The onetime flood of Central American immigrants to the US is now being stopped in Mexico. We’ll look at what that means.
Europe’s migrant crisis has been all over the headlines for months now, desperate Syrian refugees and more at Europe’s doorstep. Outcry when they’re beaten back, beaten down. Meanwhile, America’s migrant crisis, refugee crisis, has gone silent. But not gone away. The tide of Central American children and more that hit the US southern border in 2014 is now being largely stopped and turned back, with American support, in Mexico. Stopped, herded, beaten, raped, robbed. It’s still out there. We just don’t see it. This hour On Point, stopping the tide in Mexico, and what that means.
Doris Meissner, senior fellow at the U.S. Immigration Policy Institute. Former Commissioner of the U.S. Immigration and Naturalization Service.
New York Times: The Refugees at Our Door — "In the past 15 months, at the request of President Obama,Mexico has carried out a ferocious crackdown on refugees fleeing violence in Central America. The United States has given Mexico tens of millions of dollars for the fiscal year that ended Sept. 30 to stop these migrants from reaching the United States border to claim asylum."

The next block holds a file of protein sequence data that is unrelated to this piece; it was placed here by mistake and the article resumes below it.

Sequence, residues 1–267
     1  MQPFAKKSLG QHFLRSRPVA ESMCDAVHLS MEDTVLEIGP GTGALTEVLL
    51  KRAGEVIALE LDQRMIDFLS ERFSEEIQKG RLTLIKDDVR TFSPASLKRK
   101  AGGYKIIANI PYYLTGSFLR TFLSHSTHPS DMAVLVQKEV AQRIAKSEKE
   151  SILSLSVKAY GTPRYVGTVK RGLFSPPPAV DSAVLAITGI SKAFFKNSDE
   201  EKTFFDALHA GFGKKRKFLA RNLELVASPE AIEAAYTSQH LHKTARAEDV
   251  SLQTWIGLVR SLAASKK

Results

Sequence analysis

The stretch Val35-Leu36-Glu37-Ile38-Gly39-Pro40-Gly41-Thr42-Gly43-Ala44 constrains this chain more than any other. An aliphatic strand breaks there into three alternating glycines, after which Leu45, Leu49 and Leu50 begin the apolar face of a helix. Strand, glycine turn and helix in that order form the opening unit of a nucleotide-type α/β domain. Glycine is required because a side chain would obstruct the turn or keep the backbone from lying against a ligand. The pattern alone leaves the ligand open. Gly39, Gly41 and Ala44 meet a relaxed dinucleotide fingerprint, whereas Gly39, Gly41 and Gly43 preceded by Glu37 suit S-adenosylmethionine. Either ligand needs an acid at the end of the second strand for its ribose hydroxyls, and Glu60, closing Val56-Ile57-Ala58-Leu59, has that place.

The Guardian: Mexico's migration crackdown escalates dangers for Central Americans -- "The Mexican crackdown has clearly been devised in tandem with the US government. Thomas Shannon, counselor to US secretary of state John Kerry, told the Senate appropriations committee in July what the US government planned to do to prevent a repeat of the surge. One of the main planks of the strategy was 'improving the ability of Mexico to interdict migrants before they cross into Mexico.'"
NPR News: Mass Deportation May Sound Unlikely, But It's Happened Before — "During the 1930s and into the 1940s, up to 2 million Mexicans and Mexican-Americans were deported or expelled from cities and towns across the U.S. and shipped to Mexico. According to some estimates, more than half of these people were U.S. citizens, born in the United States."
Globe and Mail: For Harper, it’s a majority government or nothing at all -- "If the current poll results worry Conservative Leader Stephen Harper, another number represents his biggest obstacle: 170, the number of seats it takes to win a majority in the Commons. The politics of the next minority Parliament will make it hard for him to hold onto power, even if he has the biggest block of seats."
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